Patti Menotti has had a long struggle with heart disease. The Carlsbad resident, 70, has had a heart attack, undergone bypass surgery and now suffers from congestive heart failure (CHF).
Her heart muscle has become so weakened it has difficulty pumping, leading to complications, such as fluid in her lungs and reduced kidney function. Without medication, even short walks can be epic journeys.
Menotti is not alone. As many as five million Americans suffer from CHF. Though the chronic disease can be regulated with medication, assigning the correct dosages has been as much art as science.
CHF patients are often asked to weigh themselves daily. A sudden increase in weight can be a sign that fluid is building up, indicating the need to adjust medications, diet or both. Unfortunately for CHF patients, weight gain is a trailing indicator.
In other words, the issue that caused the weight gain happened well before the gain indicated there was a problem. What cardiologists have been hoping for is a way to measure conditions inside the heart, in real time, to help them diagnose the problem and prescribe appropriate medications in the appropriate doses.
These hopes may one day be realized now that a new device, the HeartPOD (Physiologically Optimized Dosimeter), is in clinical trials. Designed to detect worsening CHF hours, or even days, before symptoms appear, the HeartPOD uses a small sensor implanted in the heart to send information to a modified personal digital assistant, which interprets the data and provides dosage information to the patient.
Just as people with diabetes adjust their insulin based on their blood glucose measurements, the HeartPOD gives CHF patients specific information to adjust their medications.
“This therapy could potentially change the landscape of how patients with heart failure are treated in the future,” says Dr. Paul Teirstein, medical director for interventional cardiology at Scripps Clinic. “The information we gather from this study will provide new insight into the dynamic cardiac changes that occur on a daily basis in our patients.”
The dime-sized HeartPOD sensor is implanted into the patient’s heart during a minimally invasive catheterization procedure. The sensor measures left atrial pressure, core body temperature and the cardiac electrogram.
Left atrial pressure is the measurement physicians have been waiting for because high pressure causes water to accumulate in the lungs, which causes 90 percent of CHF hospitalizations. Low pressure can damage kidneys.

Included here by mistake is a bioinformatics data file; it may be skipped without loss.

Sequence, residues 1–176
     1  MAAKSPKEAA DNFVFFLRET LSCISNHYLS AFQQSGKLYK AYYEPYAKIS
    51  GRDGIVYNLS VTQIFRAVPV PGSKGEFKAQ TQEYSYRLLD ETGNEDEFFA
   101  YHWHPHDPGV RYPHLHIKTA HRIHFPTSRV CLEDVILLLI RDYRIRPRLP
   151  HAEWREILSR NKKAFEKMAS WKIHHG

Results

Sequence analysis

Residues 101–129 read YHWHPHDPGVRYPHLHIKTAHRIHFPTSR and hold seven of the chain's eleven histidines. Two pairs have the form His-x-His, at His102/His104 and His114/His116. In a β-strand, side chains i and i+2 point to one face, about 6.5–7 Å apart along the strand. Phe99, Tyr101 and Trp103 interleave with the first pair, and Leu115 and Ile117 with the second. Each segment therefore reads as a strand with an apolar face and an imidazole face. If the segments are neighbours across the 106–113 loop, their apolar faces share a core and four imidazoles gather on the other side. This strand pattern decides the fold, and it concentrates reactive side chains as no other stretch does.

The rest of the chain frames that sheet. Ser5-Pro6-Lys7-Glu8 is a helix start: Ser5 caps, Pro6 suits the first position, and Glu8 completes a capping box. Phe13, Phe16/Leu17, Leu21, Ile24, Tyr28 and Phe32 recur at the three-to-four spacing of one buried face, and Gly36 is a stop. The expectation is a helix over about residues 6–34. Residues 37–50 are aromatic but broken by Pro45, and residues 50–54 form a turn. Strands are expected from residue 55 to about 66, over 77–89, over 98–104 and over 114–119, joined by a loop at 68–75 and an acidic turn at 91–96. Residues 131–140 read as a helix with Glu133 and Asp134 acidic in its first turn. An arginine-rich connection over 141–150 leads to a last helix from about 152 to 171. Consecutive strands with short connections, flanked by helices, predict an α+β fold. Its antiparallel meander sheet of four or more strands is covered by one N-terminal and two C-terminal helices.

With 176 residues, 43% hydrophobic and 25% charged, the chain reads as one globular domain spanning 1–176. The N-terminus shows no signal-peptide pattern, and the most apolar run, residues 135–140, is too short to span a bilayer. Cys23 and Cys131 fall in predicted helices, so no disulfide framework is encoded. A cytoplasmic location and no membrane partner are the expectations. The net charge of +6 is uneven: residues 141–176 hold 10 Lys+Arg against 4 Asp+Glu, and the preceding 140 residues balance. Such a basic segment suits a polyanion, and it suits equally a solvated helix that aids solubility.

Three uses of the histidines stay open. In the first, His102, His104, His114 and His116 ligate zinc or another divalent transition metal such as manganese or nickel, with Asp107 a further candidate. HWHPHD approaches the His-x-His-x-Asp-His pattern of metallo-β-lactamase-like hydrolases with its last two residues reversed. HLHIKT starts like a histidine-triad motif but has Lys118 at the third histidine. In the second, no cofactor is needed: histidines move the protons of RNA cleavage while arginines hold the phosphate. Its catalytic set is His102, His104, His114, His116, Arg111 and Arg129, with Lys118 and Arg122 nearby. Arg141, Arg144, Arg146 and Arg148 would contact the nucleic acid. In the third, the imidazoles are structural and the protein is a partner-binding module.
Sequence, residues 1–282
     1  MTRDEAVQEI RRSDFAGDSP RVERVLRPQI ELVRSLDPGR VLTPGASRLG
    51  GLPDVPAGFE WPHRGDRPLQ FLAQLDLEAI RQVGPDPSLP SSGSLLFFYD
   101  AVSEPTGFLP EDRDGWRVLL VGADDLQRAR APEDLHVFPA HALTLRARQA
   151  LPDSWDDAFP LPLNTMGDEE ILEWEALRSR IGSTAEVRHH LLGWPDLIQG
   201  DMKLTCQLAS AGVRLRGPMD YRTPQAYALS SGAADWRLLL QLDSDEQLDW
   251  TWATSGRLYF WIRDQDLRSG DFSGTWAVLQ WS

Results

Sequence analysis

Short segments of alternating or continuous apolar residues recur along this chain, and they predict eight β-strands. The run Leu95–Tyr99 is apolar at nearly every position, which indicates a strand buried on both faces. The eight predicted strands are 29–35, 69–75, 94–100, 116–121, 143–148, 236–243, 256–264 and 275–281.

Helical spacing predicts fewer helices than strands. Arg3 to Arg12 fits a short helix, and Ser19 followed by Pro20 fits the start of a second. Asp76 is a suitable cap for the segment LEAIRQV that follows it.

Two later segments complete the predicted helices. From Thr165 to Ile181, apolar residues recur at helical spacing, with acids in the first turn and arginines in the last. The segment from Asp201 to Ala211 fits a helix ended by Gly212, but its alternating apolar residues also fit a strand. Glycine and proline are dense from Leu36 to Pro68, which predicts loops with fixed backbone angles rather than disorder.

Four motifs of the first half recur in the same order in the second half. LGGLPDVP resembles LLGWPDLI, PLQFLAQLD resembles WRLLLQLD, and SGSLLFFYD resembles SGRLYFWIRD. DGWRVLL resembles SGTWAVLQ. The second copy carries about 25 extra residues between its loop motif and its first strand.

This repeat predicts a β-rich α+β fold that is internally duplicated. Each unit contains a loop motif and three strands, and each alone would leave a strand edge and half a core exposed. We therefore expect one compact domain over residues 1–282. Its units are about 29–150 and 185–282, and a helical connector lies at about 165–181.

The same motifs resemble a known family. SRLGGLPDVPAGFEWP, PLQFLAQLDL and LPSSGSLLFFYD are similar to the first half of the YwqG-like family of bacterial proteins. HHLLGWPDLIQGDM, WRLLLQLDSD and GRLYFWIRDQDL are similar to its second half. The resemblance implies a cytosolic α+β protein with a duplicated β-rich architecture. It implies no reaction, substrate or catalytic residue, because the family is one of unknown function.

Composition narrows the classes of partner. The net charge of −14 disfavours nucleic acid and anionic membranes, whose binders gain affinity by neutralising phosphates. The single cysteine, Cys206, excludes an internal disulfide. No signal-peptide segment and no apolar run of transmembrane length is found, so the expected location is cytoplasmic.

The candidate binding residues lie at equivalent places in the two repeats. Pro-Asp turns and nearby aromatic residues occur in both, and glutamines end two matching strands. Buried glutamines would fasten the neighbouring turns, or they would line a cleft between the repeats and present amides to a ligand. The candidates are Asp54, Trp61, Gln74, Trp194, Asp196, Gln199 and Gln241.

The sensor is connected to a transmitter in the patient’s pelvis and the handheld advisory module, a converted Handspring Visor, reads the signals. The module analyzes the data based on the physician’s instructions and adjusts dosages.
The treatment instructions displayed on the module help the patient optimize medications on a dose-by-dose basis without having to contact their physician. This system may enable better and more cost-effective care, improve quality of life and empower patients to play a larger and more effective role in their own health care.
The HeartPOD trial is testing whether daily drug therapy optimization improves clinical outcomes by preventing both over- and under-treatment. The impact could be significant. Nearly one million CHF patients are hospitalized annually.
CHF has a mortality rate similar to cancer, and one in five patients die within a year of diagnosis. The annual cost to the U.S. health care system is more than $40 billion, and the number of patients contracting CHF is expected to double within the next decade as Baby Boomers age and develop heart disease.
“Frequent hospitalization is an unfortunate and cumbersome reality for patients with CHF, and quality of life issues are costly and emotionally depleting,” says Dr. James Heywood, medical director for the congestive heart failure clinic at Scripps Clinic. “We are hopeful that real-time monitoring will allow us to better treat our patients and minimize complications, such as recurrent hospitalization, acute pulmonary edema and renal failure.”
For Patti Menotti, the second person in the United States to receive a HeartPOD, the device is a welcome tool in her efforts to manage her condition. She has already changed her diet, paying close attention to reducing salt, which can cause fluid buildup and is potentially lethal for CHF patients.
“I don’t even go into the room where the salt is,” says Menotti. “The S word is forbidden.”
While the HeartPOD is in early phase trials and will not be available commercially for several years, early indications are positive. On Election Day, Menotti even walked the block to her polling station.